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Personal change, job prospects, learning to ask why: students’ reflections upon the worth of their Foundation degree

Personal change, job prospects, learning to ask why: students’ reflections upon the worth of their Foundation degree
Personal change, job prospects, learning to ask why: students’ reflections upon the worth of their Foundation degree
This paper examines how emergent themes from a qualitative study are testing assumptions within a Foundation degree in health and care. As participants reflect upon their education in relation to employment, new directions for future inquiry are emerging.

Although the programme is well positioned to address economic drivers for higher-level workplace skills (Leitch, 2006), unpredictable, often hierarchical working environments mean employer support fluctuates. We anticipated issues such as poor job opportunities and resistance from professional colleagues, as the programme attracts mainly local, female students who seek career progression from low-paid caring roles.

Instead, early analysis suggests participants use personal change as their reference point and gateway to future employment (unlikely now to revolve around one employer or skill set). A symbiotic increase in knowledge, confidence and self-worth is described as transformative. A sense of ‘taking responsibility’ has encouraged the questioning of established practices, leading to reciprocal learning through work relationships indicative of ‘communities of practice’ (Lave & Wenger, 1991). Choice of modules within a broad curriculum is also valued as a means of developing greater capability (Fraser & Greenhalgh, 2001), contradicting some employers’ (and commissioners’) encouragement of early specialisation.

Following this early analysis, we discuss how employability as defined by Yorke & Knight (2004), is likely to conflict with employers’ objectives to upskill and retain what has been seen as a stable section of the workforce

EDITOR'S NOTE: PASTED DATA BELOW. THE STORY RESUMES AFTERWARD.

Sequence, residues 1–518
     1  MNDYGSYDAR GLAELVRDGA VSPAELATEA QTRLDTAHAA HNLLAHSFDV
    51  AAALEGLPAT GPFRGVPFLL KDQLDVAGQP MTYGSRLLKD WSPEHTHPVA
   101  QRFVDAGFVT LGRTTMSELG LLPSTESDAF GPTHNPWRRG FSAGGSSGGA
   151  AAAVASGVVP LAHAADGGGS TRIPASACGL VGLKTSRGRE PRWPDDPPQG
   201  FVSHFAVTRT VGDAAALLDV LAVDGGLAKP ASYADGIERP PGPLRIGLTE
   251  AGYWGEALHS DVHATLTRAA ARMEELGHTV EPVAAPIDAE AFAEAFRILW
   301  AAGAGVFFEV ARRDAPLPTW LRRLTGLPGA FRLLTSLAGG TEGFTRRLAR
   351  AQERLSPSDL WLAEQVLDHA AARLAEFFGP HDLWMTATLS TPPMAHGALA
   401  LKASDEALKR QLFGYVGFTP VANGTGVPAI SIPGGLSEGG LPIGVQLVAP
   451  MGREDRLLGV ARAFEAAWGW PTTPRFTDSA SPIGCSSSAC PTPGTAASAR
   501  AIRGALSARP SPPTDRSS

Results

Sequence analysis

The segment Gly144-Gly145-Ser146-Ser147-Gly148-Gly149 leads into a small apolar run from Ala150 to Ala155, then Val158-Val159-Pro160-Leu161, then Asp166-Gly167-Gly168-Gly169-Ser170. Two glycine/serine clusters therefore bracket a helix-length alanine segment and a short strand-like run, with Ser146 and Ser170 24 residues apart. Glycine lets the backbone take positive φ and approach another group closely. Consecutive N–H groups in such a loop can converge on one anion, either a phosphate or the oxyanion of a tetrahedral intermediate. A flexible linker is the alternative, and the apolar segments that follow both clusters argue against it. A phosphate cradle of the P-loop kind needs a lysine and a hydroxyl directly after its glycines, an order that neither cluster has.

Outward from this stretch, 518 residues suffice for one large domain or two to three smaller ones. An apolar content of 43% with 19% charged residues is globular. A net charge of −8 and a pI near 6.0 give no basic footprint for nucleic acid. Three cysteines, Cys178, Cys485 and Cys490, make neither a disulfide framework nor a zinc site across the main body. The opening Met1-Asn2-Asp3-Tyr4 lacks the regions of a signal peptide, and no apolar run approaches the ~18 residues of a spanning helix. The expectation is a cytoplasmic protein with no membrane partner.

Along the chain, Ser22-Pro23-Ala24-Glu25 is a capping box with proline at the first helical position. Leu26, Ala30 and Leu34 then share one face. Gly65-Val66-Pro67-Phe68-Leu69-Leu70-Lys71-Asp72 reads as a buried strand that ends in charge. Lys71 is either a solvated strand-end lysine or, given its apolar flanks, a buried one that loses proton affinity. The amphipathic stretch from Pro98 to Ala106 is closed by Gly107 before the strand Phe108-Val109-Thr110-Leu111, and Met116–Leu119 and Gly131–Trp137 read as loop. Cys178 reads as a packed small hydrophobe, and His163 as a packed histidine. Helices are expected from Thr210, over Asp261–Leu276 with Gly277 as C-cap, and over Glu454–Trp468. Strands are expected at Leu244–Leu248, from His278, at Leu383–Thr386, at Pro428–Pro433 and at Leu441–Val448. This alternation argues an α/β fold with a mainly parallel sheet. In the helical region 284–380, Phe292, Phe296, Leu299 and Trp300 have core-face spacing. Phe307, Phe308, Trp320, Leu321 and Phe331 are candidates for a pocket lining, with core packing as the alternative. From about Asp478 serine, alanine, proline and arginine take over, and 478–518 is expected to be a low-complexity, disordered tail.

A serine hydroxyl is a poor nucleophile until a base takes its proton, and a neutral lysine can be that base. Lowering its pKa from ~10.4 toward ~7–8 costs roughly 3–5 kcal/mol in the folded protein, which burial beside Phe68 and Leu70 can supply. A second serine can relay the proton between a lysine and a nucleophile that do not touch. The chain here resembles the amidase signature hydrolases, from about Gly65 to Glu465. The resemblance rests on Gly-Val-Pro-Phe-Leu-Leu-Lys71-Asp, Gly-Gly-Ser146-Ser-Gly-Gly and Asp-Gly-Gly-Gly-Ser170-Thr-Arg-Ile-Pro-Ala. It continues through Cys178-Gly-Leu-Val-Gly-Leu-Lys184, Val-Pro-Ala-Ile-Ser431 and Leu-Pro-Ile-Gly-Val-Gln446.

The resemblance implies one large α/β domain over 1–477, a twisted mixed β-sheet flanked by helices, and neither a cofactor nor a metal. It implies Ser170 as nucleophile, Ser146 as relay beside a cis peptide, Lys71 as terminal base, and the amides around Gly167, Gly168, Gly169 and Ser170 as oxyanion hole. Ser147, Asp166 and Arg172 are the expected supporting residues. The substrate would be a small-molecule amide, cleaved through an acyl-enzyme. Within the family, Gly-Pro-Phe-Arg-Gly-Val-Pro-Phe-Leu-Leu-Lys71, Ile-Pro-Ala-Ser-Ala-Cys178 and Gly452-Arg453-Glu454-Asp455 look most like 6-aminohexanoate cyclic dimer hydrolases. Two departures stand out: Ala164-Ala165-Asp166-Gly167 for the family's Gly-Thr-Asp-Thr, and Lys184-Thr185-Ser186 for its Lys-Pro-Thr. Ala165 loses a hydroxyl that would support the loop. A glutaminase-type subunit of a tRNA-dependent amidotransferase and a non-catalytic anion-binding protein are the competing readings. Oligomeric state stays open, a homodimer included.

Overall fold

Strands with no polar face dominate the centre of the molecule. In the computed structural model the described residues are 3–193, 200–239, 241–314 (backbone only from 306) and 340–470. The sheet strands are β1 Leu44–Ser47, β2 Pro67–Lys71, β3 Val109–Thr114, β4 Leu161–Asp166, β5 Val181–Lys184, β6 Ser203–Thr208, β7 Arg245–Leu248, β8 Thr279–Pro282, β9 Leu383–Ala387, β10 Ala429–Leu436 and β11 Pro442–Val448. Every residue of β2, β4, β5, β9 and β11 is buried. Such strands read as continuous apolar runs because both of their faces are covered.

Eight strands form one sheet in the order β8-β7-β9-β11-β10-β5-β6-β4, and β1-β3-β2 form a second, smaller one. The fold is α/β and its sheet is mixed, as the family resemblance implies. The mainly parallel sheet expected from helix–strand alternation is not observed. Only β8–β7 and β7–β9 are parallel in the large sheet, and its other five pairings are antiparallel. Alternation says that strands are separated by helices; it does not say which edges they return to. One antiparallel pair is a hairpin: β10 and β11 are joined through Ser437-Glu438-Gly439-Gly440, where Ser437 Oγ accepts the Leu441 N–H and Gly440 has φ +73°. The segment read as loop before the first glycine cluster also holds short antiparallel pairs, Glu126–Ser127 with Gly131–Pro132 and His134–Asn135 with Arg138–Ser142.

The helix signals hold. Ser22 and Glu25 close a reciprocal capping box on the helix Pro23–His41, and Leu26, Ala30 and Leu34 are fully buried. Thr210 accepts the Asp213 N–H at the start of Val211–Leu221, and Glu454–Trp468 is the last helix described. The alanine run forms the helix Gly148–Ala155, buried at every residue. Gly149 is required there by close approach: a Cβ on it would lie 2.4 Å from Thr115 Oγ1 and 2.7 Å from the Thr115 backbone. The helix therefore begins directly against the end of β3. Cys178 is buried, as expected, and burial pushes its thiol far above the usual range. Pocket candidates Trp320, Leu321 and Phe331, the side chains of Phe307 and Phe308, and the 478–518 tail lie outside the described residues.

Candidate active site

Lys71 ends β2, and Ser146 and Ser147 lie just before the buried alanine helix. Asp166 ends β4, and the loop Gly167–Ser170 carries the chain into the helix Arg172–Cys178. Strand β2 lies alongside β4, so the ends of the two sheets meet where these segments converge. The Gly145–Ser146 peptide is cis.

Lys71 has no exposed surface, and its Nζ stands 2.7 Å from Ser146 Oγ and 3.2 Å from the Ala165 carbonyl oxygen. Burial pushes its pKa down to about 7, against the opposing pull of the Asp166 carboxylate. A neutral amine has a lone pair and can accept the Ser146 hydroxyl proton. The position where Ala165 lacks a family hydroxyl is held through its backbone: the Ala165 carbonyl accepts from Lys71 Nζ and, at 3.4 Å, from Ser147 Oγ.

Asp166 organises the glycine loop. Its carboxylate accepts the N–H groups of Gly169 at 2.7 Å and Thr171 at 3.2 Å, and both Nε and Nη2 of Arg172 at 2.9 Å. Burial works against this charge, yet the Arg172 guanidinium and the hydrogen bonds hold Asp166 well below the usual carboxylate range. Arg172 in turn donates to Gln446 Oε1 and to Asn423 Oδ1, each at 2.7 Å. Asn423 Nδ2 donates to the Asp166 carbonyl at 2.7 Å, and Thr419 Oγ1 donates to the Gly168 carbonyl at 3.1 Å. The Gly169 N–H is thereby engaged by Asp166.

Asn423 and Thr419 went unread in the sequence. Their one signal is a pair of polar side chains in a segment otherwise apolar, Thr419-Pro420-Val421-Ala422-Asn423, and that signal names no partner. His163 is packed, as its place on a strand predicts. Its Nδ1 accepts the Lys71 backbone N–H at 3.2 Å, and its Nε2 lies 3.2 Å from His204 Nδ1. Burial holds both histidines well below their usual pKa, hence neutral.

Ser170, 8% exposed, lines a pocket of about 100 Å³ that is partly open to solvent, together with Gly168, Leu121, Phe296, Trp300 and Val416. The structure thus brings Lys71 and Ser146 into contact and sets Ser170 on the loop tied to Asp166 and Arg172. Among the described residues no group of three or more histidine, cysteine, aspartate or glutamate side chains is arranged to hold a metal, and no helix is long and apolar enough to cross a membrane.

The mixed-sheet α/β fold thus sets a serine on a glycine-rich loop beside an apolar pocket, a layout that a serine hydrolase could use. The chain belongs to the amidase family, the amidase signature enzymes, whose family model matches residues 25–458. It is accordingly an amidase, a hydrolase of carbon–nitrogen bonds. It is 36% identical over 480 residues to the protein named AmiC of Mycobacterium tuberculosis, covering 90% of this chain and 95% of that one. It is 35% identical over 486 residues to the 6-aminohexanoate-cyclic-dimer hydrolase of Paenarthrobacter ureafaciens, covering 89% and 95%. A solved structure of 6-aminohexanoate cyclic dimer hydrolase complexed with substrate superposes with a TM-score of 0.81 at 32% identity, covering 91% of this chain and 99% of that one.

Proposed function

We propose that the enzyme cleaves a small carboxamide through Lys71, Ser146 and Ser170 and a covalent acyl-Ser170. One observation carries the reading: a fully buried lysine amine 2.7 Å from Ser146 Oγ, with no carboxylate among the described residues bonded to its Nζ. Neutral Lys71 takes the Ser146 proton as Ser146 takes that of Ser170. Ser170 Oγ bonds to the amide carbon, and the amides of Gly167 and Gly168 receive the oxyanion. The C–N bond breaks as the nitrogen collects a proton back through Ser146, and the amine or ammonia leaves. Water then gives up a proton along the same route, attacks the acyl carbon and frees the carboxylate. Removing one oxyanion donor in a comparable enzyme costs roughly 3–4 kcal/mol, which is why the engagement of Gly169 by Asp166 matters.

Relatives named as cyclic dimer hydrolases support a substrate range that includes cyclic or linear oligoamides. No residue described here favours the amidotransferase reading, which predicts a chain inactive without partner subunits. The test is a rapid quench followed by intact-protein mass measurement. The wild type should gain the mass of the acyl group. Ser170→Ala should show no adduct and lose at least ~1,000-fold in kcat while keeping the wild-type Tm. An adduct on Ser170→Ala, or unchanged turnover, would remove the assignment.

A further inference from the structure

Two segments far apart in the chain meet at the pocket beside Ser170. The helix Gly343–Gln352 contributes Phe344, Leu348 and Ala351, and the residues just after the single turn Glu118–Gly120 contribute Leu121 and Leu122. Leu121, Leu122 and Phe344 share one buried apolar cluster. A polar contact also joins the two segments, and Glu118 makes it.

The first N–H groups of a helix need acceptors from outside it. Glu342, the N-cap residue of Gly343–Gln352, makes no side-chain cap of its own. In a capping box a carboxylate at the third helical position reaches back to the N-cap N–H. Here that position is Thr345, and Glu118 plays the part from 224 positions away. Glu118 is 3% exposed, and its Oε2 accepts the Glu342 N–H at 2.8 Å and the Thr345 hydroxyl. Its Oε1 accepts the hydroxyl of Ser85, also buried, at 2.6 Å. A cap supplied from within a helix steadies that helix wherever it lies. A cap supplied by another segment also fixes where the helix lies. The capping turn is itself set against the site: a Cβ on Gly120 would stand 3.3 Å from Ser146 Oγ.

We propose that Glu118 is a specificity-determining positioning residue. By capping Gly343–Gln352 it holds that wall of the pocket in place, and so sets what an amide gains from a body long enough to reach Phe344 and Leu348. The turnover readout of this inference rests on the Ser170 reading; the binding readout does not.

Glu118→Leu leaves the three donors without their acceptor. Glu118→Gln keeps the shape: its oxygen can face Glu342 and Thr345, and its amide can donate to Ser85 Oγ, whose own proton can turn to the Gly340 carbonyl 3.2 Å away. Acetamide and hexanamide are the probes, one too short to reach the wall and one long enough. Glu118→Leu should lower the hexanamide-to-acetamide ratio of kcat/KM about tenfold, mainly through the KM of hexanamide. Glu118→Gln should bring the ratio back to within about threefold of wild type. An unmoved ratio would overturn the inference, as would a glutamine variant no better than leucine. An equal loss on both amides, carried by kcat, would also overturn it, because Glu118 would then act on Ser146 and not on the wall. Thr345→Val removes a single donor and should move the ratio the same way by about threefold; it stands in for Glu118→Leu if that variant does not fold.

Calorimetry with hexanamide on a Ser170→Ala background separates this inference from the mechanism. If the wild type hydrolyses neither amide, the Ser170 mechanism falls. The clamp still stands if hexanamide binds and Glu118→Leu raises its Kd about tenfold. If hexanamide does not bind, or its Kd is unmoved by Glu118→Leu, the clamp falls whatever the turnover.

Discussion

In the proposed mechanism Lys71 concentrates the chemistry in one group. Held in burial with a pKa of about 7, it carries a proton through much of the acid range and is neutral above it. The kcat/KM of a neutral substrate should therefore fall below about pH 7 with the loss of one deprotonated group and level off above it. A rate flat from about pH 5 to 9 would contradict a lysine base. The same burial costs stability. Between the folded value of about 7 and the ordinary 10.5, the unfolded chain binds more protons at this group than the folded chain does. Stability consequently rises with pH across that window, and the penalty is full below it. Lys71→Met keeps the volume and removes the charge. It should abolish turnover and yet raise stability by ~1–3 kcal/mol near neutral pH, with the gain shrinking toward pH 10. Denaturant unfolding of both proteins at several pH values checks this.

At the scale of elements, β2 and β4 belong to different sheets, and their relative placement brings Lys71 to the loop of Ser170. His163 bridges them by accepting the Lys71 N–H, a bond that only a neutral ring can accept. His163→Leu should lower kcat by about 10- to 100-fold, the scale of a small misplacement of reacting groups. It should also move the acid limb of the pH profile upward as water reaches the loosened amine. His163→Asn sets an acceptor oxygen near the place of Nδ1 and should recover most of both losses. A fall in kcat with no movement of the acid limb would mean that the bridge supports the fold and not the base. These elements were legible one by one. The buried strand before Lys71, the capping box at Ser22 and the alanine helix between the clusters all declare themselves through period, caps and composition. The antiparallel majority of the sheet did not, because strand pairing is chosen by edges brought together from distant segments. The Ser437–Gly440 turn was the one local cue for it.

Wintrup, Julie
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James, Liz
be680e71-1c03-4ac6-8586-574c9b3e3f91
Wintrup, Julie
9f1df4c7-aae8-4d0e-9176-8e33b7417370
James, Liz
be680e71-1c03-4ac6-8586-574c9b3e3f91

Wintrup, Julie and James, Liz (2008) Personal change, job prospects, learning to ask why: students’ reflections upon the worth of their Foundation degree. Valuing Higher Education, Liverpool, United Kingdom. 09 - 11 Dec 2008. 10 pp .

Record type: Conference or Workshop Item (Paper)

Abstract

This paper examines how emergent themes from a qualitative study are testing assumptions within a Foundation degree in health and care. As participants reflect upon their education in relation to employment, new directions for future inquiry are emerging.

Although the programme is well positioned to address economic drivers for higher-level workplace skills (Leitch, 2006), unpredictable, often hierarchical working environments mean employer support fluctuates. We anticipated issues such as poor job opportunities and resistance from professional colleagues, as the programme attracts mainly local, female students who seek career progression from low-paid caring roles.

Instead, early analysis suggests participants use personal change as their reference point and gateway to future employment (unlikely now to revolve around one employer or skill set). A symbiotic increase in knowledge, confidence and self-worth is described as transformative. A sense of ‘taking responsibility’ has encouraged the questioning of established practices, leading to reciprocal learning through work relationships indicative of ‘communities of practice’ (Lave & Wenger, 1991). Choice of modules within a broad curriculum is also valued as a means of developing greater capability (Fraser & Greenhalgh, 2001), contradicting some employers’ (and commissioners’) encouragement of early specialisation.

Following this early analysis, we discuss how employability as defined by Yorke & Knight (2004), is likely to conflict with employers’ objectives to upskill and retain what has been seen as a stable section of the workforce

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FINAL VERSION-Fd presentation paper1 Julie Wintrup and Liz James - Other
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More information

Submitted date: 28 November 2008
Published date: 8 December 2008
Venue - Dates: Valuing Higher Education, Liverpool, United Kingdom, 2008-12-09 - 2008-12-11

Identifiers

Local EPrints ID: 65561
URI: https://eprints.soton.ac.uk/id/eprint/65561
PURE UUID: 09adac87-56d0-4b1d-8035-7c624adf28d7

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Date deposited: 23 Feb 2009
Last modified: 26 Feb 2019 17:34

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